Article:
That may be true for tv auctions, but you can’t tell me, there wasn’t a “frenzy” at the Lambrecht schpiel, and I’ve personally been to local auctions, where sane people go overboard, in a “oh no you don’t” mentality, paying way more than they should. Then there’s the shill, and I personally was one, before I knew what a shill even was. In case someone doesn’t know, a shill is a person with no intention of buying something, but there to increase the bidding, and it works, let me tell ya’. I don’t blame auctions necessarily for the overblown prices today, it’s a convenient way for the wealthy to trade their worldly, to them, possessions. I do agree, we don’t see the “behind the scenes” transactions, but I can guarantee you this, they don’t go cheap even off camera. It’s these over priced “beaters” with wild price tags here, that we don’t see what they actually sell for, and I don’t believe the “# of bidders” on that Ebay crap, total baloney, but again, these people wouldn’t do it if it didn’t work. People have made money off suckers for eons, it stinks when it hits home with our hobby.

        Like 7
      • Steve R

        Disciplined buyer that are willing to put in the effort/time don’t worry about auction prices, there is and always has been a stead supply of desirable cars that can be found at reasonable prices. Look no further than this site for proof, there are more than a few sellers that have had numerous cars, often dozens, featured. These sellers are not finding the cars they sell by accident. To them, any tricks you describe that take place at auctions doesn’t impact them, nor does it countless other potential buyers who put in the work.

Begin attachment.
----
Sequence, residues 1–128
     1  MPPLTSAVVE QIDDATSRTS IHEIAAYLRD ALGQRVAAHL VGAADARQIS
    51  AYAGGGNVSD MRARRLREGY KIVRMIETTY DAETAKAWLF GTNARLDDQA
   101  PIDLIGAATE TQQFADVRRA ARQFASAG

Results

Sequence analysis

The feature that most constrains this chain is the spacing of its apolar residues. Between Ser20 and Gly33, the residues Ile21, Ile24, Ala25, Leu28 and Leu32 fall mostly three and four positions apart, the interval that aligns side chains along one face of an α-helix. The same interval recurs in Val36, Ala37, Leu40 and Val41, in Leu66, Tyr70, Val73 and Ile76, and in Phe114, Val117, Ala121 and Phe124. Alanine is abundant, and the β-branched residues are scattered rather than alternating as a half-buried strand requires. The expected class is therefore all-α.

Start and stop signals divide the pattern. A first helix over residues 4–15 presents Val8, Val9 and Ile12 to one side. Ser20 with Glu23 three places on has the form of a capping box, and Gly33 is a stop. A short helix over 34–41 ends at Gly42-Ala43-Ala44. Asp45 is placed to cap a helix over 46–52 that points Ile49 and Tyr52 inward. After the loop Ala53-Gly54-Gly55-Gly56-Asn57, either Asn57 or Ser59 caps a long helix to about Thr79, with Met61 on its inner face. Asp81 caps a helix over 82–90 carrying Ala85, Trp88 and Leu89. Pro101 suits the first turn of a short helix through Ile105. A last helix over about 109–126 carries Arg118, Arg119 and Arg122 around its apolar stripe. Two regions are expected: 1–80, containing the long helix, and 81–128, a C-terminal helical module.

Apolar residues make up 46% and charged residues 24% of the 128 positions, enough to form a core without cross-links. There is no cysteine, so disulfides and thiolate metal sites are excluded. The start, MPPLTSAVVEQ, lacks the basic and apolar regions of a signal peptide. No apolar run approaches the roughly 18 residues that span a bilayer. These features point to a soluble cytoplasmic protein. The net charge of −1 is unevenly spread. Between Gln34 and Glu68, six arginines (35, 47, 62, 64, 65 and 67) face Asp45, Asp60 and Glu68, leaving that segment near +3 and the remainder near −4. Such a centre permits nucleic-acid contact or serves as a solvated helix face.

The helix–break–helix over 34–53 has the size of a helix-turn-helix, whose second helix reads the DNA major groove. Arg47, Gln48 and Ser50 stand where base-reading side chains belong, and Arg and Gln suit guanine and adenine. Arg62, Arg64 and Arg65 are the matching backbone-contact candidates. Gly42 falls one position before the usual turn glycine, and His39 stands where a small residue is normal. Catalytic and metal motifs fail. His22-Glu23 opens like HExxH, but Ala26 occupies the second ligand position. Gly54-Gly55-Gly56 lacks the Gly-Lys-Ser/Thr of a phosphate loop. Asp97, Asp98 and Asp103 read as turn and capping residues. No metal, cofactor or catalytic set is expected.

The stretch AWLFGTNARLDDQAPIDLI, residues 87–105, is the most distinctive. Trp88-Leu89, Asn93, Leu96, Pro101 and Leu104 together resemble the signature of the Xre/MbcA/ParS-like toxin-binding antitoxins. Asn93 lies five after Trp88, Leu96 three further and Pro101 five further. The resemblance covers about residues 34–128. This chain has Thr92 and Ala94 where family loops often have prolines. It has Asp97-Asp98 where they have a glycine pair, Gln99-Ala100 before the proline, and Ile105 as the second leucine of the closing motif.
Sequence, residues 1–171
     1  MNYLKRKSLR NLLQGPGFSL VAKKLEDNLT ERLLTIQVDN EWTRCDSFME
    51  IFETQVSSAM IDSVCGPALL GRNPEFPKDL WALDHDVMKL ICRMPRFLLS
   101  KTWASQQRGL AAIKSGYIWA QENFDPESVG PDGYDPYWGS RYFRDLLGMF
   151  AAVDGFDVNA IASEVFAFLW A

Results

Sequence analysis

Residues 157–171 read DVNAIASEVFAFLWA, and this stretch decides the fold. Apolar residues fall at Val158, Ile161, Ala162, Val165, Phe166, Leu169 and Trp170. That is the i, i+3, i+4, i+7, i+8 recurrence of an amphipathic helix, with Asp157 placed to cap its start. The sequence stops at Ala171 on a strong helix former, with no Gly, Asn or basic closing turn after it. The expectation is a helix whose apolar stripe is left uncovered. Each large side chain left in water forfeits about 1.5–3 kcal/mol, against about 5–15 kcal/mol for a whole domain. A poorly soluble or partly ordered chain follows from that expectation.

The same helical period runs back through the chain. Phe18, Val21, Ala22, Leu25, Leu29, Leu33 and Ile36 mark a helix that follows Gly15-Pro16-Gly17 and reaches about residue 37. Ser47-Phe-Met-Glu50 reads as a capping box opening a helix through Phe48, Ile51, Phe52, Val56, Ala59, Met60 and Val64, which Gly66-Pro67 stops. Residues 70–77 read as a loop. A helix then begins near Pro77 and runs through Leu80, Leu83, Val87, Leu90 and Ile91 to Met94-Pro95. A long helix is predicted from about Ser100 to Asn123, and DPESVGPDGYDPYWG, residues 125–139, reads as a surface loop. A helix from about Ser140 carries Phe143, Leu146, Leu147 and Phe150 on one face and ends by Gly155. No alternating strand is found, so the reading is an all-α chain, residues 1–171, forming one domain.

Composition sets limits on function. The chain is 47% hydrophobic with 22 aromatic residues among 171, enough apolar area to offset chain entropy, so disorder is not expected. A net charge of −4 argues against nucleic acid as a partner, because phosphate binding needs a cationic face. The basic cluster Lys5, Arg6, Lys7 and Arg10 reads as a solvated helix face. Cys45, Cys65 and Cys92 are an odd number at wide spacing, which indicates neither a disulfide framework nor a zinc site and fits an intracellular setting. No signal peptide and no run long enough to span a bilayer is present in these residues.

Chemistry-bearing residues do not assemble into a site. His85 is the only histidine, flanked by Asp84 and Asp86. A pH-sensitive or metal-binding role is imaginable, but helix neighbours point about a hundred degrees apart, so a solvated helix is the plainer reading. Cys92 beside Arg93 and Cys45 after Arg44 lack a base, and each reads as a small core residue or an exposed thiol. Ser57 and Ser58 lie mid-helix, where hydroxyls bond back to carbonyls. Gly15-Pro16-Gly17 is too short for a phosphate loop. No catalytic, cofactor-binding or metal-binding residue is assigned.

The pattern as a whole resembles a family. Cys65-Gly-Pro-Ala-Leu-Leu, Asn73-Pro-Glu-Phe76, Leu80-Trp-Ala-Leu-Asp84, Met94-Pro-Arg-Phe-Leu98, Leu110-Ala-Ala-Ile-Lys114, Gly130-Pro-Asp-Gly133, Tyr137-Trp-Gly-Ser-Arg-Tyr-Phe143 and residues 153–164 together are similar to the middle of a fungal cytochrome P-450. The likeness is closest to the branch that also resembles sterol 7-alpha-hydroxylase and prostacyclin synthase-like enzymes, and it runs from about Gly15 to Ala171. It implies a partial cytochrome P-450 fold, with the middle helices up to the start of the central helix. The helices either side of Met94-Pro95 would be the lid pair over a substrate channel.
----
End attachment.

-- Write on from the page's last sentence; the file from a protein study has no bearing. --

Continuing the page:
As for Lambrecht, that was an outlier mainly fueled by a promotional campaign which suckered the undisciplined and ignorant into bidding more than they should have. Even a few minutes of basic research could have saved them. I’ve read several accounts of people on another site that were present for the auction, they didn’t buy anything but said most of those that did were green with respect to the car hobby, the bought into the hype and were looking to make a quick buck. They deserved to lose the money the lost because they didn’t do their homework.

        Steve R

      • Red Car Guy

        Was one of the TV camera crew at the Lambrecht auction for days before it started, setting up the stage, the cameras and generators. Watched the Scouts for the big money buyers crawl under everything.
        On another site I read comments from No Money Experts who said they were there but did not buy anything. Those No Money Experts were sure the entire sale was a scam, none of the cars belonged to the Lambrecht family. Big car haulers brought them from many, many states and same the haulers were lined up outside the sale to carry everything to the next auction.
        We heard none of the buyers complained about what they paid. Some were very pleased.
        The words in the song say, you’ve got to know when to to fold.

        Like 3
  5. Steve